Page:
Ireland Legislates for Limited Abortion After Death
Ireland’s government published outline legislation allowing for abortion in limited circumstances, including when doctors agree a pregnant woman is at risk of suicide, in what Prime Minister Enda Kenny said is an attempt to bring “clarity” to the state’s position on the practice.
Two doctors must agree a real and substantial risk to the life of a woman exists during pregnancy to approve a termination, according to government documents published in Dublin late yesterday. In cases in which risk of suicide is a factor, three doctors must agree.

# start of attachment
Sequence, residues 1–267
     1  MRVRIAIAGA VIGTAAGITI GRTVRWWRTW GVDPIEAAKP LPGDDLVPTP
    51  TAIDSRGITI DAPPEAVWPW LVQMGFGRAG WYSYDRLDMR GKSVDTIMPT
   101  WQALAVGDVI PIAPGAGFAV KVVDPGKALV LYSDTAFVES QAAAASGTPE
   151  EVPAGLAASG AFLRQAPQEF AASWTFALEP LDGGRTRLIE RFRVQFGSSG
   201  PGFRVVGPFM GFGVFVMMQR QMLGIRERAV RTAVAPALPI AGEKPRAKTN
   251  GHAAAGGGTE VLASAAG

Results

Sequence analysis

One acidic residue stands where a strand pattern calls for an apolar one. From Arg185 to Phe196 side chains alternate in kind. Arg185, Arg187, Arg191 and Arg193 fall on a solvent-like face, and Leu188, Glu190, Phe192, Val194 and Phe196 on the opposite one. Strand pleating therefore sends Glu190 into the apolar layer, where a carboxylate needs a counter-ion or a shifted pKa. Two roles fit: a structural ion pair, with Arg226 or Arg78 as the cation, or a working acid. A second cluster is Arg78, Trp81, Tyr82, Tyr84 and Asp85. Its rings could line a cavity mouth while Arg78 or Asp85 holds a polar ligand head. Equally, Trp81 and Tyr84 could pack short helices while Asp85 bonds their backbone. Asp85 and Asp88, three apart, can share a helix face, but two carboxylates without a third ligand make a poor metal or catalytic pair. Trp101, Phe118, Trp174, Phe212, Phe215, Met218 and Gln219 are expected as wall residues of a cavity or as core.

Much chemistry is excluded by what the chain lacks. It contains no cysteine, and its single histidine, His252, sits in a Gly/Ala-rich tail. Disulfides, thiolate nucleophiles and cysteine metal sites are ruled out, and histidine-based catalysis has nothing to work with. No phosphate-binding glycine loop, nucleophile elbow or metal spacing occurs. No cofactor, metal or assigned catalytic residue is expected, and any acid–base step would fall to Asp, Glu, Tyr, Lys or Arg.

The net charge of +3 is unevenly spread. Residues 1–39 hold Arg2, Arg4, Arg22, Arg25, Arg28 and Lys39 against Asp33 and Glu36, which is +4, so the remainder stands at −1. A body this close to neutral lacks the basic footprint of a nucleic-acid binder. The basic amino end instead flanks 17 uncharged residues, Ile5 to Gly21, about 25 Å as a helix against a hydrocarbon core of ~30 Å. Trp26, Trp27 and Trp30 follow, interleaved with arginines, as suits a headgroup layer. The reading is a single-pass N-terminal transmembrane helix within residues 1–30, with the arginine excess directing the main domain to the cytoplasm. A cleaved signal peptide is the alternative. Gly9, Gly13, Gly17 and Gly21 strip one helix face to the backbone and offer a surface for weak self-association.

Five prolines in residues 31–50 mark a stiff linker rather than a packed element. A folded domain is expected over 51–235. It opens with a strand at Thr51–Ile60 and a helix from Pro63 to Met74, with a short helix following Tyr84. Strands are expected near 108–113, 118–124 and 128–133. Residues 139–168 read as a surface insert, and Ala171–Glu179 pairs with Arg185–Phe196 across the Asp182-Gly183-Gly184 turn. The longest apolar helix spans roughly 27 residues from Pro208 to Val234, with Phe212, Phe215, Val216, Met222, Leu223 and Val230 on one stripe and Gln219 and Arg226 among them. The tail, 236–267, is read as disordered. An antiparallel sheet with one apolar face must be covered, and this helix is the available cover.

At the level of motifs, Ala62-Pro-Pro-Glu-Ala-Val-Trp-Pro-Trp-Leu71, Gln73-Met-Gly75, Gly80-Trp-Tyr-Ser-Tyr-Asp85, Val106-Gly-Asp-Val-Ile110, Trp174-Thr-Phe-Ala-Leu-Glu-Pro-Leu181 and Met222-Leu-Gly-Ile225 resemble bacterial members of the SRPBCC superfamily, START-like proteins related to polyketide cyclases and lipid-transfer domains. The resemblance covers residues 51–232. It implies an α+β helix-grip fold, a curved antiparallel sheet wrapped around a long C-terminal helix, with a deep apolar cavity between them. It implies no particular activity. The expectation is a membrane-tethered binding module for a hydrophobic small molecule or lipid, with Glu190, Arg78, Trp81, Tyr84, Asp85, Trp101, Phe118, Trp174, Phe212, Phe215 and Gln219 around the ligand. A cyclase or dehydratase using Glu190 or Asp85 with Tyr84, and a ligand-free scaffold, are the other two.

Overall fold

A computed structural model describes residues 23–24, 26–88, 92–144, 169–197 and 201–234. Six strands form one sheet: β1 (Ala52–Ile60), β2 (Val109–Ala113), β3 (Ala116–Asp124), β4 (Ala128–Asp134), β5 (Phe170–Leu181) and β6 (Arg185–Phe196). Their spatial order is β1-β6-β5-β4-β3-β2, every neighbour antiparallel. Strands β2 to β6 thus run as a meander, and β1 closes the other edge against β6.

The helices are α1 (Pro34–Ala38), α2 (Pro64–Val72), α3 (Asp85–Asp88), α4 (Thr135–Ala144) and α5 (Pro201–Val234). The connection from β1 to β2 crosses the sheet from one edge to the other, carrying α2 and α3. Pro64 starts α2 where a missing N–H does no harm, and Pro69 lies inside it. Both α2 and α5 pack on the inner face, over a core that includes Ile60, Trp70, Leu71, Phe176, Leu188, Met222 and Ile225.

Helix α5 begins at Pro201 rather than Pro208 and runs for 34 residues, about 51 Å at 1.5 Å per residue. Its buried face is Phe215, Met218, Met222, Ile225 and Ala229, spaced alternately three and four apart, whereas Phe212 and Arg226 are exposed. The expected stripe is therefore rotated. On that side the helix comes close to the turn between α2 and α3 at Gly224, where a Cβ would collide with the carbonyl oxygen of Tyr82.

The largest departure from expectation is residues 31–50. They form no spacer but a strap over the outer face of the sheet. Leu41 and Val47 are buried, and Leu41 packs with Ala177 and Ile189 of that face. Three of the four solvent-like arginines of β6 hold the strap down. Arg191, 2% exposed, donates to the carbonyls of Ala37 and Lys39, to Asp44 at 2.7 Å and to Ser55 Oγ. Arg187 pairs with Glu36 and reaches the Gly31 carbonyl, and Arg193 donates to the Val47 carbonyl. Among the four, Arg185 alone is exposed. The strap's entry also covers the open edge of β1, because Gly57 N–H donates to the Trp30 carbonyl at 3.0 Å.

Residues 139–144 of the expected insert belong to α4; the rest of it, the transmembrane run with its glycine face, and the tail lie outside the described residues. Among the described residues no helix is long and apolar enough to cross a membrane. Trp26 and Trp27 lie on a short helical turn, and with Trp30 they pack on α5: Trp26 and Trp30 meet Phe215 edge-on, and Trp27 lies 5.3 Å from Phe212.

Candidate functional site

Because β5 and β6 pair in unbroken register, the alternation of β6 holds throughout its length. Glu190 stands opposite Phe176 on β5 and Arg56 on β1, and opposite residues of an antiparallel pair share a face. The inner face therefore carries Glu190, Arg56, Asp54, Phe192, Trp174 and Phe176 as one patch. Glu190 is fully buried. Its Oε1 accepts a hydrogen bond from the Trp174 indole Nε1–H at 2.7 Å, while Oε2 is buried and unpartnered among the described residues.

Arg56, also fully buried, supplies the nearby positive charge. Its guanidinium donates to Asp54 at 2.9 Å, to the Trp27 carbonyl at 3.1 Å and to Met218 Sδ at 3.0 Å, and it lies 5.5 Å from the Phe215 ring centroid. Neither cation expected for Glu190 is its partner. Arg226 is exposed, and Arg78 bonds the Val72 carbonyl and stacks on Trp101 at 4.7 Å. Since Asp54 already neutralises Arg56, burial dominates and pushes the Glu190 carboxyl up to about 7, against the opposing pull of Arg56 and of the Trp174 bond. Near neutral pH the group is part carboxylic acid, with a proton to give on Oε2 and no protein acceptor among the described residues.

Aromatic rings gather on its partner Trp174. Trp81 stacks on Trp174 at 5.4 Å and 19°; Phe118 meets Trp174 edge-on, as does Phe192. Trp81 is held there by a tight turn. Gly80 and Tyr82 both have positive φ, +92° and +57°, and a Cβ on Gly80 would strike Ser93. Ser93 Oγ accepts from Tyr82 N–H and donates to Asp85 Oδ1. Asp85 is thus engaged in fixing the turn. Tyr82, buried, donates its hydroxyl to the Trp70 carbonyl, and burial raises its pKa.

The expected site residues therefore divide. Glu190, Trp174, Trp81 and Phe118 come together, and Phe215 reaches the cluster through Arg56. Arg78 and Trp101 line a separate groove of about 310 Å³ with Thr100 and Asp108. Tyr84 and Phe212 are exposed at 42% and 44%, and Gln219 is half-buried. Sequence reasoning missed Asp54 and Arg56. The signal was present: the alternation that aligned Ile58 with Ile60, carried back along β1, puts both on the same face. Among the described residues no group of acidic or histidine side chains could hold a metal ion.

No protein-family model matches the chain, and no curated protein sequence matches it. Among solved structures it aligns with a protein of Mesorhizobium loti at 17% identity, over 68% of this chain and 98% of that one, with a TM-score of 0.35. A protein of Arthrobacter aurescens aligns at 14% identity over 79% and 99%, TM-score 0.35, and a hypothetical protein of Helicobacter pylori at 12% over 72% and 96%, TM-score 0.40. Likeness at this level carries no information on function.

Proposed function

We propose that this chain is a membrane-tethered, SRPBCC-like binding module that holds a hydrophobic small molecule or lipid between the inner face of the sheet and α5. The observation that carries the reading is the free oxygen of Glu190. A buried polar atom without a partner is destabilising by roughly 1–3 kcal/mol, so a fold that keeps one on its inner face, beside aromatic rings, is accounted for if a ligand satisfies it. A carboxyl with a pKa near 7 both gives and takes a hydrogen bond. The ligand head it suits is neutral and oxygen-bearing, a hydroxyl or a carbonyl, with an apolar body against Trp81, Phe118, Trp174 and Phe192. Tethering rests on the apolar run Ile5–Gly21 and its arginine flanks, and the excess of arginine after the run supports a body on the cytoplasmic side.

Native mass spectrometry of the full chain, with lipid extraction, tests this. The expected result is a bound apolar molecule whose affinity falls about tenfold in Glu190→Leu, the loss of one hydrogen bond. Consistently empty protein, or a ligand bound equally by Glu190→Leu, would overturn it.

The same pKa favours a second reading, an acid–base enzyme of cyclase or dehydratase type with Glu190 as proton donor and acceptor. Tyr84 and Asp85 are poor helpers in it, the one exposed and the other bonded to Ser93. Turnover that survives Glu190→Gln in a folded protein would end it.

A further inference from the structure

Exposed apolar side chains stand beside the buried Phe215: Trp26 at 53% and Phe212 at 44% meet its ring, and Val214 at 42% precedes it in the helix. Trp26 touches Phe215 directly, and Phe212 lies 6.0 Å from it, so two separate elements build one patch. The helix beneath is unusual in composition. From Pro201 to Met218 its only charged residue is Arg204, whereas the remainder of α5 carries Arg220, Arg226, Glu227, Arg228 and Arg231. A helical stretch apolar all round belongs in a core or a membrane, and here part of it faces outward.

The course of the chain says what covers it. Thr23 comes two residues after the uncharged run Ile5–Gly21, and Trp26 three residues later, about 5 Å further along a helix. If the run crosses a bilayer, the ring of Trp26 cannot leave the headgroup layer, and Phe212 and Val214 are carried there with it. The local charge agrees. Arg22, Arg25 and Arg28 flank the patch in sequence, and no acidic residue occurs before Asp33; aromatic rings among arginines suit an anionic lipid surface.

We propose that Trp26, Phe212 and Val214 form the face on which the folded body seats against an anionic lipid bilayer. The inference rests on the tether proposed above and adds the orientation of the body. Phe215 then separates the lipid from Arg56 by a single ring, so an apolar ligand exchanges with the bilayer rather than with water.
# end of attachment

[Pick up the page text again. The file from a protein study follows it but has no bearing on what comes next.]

“This is an issue that has been very divisive for over 30 years,” Kenny said today. “The law on abortion in Ireland is not being changed. The Protection of Life During Pregnancy Bill will at last bring certainty to pregnant women and legal clarity to medical personnel who work within the system.”
Successive governments, fearing a backlash in a mainly Catholic nation, have avoided introducing laws to fasten down the meaning of a 1992 Supreme Court ruling granting women the right to an abortion when the mother’s life is at risk. The case of Savita Halappanavar, who died last year of septicemia after doctors decided not to carry out a termination, reignited the battle over abortion, among the most divisive issues in an increasingly secular society.